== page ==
Parallel Algorithms for Multicore Processors
Motivation and Background
We are looking at various examples of applications of Scientific Computing and try to understand how today's multicore computer may offer improved performance. This currently involves differential equations, N-body problems, event-based models, inverse formulations and preconditioned iterative methods:
- Solving differential equations in general and partial differential equations in particular is a classical problem in computational science. Event-based models, which for example include Markov chains, is also an important computational model in many branches of physics. With a wide range of applications in industry, research, and development, these topics remain central subjects when designing, improving, understanding, or estimating physical systems.
- Inverse formulations (find the coefficients/boundary conditions/... given measured data) typically involve multiple 'forward' evaluations and are thus often computationally very intensive. We currently look on improving algorithms that make many passes over large amounts of data for which data-parallel algorithms perform well.
- We are interested in the challenges of solving and/or evolving these models efficiently in the multicore area. Users of these results are often other researchers trying to design or comprehend complex physical systems such as air-flow around wind power plants, phase-formation in micro-complex fluidic systems, chemical reactions, or combustion in engines.
- Porting iterative methods on multi- and many-core devices is a challenging task due to the limited degree of parallelism in most of the preconditioning techniques. By providing new algorithms suitable for these platforms, we can significantly accelerate many scientific applications based on finite-difference/elements/volumes methods.
In today's multicore era such computational problems can be solved on desktop computers if implemented and understood in the right way. We intend to do so!
Long Term Goal
This project currently encompasses four separate sub-projects.
- (AFMM) Study the impact on efficiency for adaptive fast multipole methods (FMM) on modern heterogeneous multicore computers. FMMs are efficient methods for evaluating N-body interactions, a critical operation in many different fields of computational physics including molecular dynamics and all the way up to astrophysics. Adaptivity is needed in most applications as point distributions tend to be non-uniform. Parts of the FMM algorithm are highly suitable to e.g. GPU computing and we aim at understanding design principles for a balanced version which exploits the heterogeneity of the algorithm itself.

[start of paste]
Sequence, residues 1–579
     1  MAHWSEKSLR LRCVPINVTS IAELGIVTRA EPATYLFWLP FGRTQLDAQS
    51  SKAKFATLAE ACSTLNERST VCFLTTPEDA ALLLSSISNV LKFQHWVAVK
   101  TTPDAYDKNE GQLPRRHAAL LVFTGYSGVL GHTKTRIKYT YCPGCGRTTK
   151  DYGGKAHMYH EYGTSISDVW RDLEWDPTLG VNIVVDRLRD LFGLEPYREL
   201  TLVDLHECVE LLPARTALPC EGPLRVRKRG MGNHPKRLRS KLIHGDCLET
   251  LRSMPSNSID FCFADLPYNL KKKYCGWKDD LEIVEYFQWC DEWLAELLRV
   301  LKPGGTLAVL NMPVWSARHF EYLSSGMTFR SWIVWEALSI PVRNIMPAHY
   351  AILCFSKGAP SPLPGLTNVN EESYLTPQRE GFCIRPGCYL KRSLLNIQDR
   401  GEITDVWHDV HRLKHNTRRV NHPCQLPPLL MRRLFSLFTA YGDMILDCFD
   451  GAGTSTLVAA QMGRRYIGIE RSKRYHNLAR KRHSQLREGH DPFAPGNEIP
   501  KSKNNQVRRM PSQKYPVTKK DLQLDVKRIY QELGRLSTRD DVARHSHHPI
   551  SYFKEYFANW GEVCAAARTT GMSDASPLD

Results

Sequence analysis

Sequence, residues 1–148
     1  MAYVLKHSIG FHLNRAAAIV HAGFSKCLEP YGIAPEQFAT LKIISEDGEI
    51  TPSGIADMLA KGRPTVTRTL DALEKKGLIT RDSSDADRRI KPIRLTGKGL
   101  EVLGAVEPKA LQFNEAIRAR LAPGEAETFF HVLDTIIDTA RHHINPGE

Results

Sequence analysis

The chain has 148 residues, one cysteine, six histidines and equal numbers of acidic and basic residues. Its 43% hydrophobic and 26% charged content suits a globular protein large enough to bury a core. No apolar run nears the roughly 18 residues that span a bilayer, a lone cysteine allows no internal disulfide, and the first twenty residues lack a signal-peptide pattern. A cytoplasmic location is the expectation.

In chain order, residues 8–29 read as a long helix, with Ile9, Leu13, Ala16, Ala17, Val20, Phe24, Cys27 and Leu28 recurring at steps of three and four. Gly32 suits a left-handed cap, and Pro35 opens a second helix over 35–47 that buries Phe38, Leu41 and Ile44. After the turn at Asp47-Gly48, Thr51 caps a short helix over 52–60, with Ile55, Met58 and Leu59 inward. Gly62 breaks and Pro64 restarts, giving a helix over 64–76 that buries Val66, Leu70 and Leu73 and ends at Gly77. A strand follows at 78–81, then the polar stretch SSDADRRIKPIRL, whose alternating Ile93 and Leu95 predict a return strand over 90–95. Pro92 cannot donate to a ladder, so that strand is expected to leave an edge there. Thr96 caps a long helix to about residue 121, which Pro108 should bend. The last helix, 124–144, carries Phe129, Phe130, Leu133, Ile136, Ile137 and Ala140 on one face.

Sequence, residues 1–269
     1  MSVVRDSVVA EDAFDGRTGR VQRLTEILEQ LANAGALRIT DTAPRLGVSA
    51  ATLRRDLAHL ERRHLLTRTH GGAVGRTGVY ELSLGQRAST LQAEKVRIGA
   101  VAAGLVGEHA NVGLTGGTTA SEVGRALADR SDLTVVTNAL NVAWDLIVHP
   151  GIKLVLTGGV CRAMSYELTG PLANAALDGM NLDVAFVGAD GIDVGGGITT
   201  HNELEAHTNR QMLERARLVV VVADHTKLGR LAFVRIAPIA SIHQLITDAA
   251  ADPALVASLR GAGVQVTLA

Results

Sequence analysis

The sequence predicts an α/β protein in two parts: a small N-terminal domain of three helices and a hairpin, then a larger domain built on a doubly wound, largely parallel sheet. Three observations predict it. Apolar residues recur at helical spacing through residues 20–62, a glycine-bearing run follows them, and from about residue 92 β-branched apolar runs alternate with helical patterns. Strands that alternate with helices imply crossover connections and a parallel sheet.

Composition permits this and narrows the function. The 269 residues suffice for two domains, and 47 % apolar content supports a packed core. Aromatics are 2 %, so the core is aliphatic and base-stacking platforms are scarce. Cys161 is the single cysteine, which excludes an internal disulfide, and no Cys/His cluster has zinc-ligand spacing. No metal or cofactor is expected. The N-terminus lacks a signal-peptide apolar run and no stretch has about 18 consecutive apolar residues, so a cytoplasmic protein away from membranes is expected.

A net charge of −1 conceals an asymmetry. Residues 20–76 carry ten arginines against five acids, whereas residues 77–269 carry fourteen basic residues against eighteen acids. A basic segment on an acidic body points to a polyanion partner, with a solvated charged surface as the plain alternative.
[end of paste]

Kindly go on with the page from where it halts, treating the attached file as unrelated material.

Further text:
- (ParPDE) Develop an adaptive framework for solution of high-dimensional partial differential equations optimized for clusters of multicore nodes. The main focus of this project is to investigate how operations on high-dimensional grids are most efficiently implemented with respect to performance and programmer effort. Communication-avoiding Krylov subspace methods that minimize data traffic between nodes and cores are implemented and evaluated.
- (URDME) Markov Chain Monte Carlo methods are commonly used to solve stochastic formulations in physics and biology and are traditionally categorized as discrete event simulation techniques. Due to their sequential way of processing chronological events, parallelization of discrete event simulations is known to be a non-trivial task, especially when massively parallel target architectures as Graphical Processing Units (GPUs) are taken into account. We focus on fully parallel or hybrid (CPU/GPU) approaches, relying on software efficiency, high quality random numbers as well as non-heuristic error estimates. Our goal is to develop a reliable, fast and adaptive parallel solver for MCMC methods capable to run on heterogeneous platforms or completely parallel computing architectures.